Lakeville first in state to offer ‘Shark Tank’ for kids

Young Entrepreneurs Academy starts in fall for sixth- to eighth-graders

Lakeville middle school students will have an unprecedented opportunity next year to start and grow their own business.

The Lakeville Chamber of Commerce, working with the Lakeville Area School District, will offer Minnesota’s first Young Entrepreneurs Academy next year, a groundbreaking program that takes students through the process of starting and running a real business.

Chamber President Todd Bornhauser said if the program is successful, it will continue next year and may eventually expand.

Next fall, interested students in grades 6-8 attending Lakeville schools, All Saints Catholic School and Christian Life School will be invited to apply for the academy.

Bornhauser said homeschoolers are also invited to apply by contacting the chamber in the fall at 952-469-2020.

Up to 24 students will be selected to join the academy, which will meet at a Lakeville middle school to be determined for three hours weekly after school October through June.

Students will take field trips and meet with professionals like attorneys, accountants, bankers and publicists to develop a business or social movement.

Working individually or in a group, they will write a business plan, explore marketing strategies then pitch their idea to an investor panel of Lakeville-area business and community leaders to obtain funding to launch their business.

“This would be the first of its kind in Minnesota,” said Bornhauser, the driving force behind the program who described the opportunity as “Shark Tank” meets “The Apprentice.”

Investor panel members include Glenn Starfield, owner of Express Employment Professionals and a member of the Lakeville Economic Development Commission.

Starfield said the program is a neat opportunity for students who may have untapped creative and entrepreneurial talent.

“This is just a new opportunity for kids to get involved in something who maybe don’t play sports or have a fit in other areas,” Starfield said.

He credited Bornhauser for taking the initiative to bring the Young Entrepreneurs Academy to Minnesota.

“Todd just jumped into this thing,” Starfield said. “He’s got a very, very full plate, but he still said we’ve got to do this. I like his can-do attitude, and the chamber’s willingness to partner with the schools. It’s good for the community.”

Karen Wentworth, a chamber board member and administrative services manager with Hobo Inc., a Lakeville chemical formulating and manufacturing company, said the academy offers the chamber a new way to interact with students that it does not often have opportunity to reach.

“Most of what we do in the schools is geared toward high school,” Wentworth said. “This targets middle schoolers and gets those kids thinking about business and entrepreneurship earlier.”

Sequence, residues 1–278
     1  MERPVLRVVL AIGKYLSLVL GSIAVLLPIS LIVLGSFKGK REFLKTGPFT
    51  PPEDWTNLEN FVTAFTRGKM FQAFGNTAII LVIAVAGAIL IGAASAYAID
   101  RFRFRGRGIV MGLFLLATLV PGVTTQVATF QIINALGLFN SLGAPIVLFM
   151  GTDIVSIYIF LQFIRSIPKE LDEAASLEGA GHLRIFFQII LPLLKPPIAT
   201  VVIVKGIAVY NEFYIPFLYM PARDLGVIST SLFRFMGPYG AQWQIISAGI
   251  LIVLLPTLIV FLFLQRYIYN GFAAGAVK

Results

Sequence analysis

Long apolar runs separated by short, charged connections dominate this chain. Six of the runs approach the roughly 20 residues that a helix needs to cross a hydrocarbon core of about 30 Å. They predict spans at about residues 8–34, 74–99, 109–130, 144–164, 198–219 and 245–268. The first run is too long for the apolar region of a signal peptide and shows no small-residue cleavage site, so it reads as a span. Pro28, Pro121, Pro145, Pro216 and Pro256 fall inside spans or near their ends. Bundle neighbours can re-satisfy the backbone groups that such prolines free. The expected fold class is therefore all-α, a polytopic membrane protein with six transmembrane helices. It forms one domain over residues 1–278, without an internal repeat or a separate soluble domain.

Bornhauser said in other states, Young Entrepreneurs Academy inventions have included a new kind of earphones, gourmet peanut butter with chocolate and a customized beaded bracelets business.

Student business plans will have the opportunity to take off in Minnesota as well.

“The goal is for them to actually take those dollars and move forward with their business venture,” Bornhauser said.

Through a partnership with the Lakeville Schools, the chamber will manage the program, provide a program manager and instructors and coordinate business speakers, mentors, field trip hosts and judges for the competition.

Lakeville Schools will supply classroom and computer lab access and space for events that include a CEO roundtable, trade show and graduation ceremony.

Lakeville Schools Superintendent Lisa Snyder said she was immediately interested in the program when Bornhauser proposed it because it builds the kinds of skills young people will need to be aligned in the globally competitive workplace.

She said parents should encourage their children to apply because it will allow them to cultivate their own passions, learn high-level skills and help them build confidence in their ideas.

“I think it’s going to teach us many lessons,” Snyder said. “It will unleash students’ creativity, enthusiasm and passion, and we will see the caliber of work proposals and ideas that come from students.”

She added some of that real-live learning that takes place may be integrated into the middle-level curriculum.

She said the academy will remain an after-school club and would not become a class.

Bornhauser said he hopes the program has a lasting, positive impact on Lakeville.

“I’m hoping that we will be involved with 24 people who are coming back to this community and opening businesses in Lakeville and employing hundreds of people here in this community,” he said. “That would be our goal: developing that next set of business leaders.”

Business sponsors so far include Dakota Electric and Ratzlaff Homes, and more are needed. Interested business representatives are asked to contact the chamber at 952-469-2020 for more information.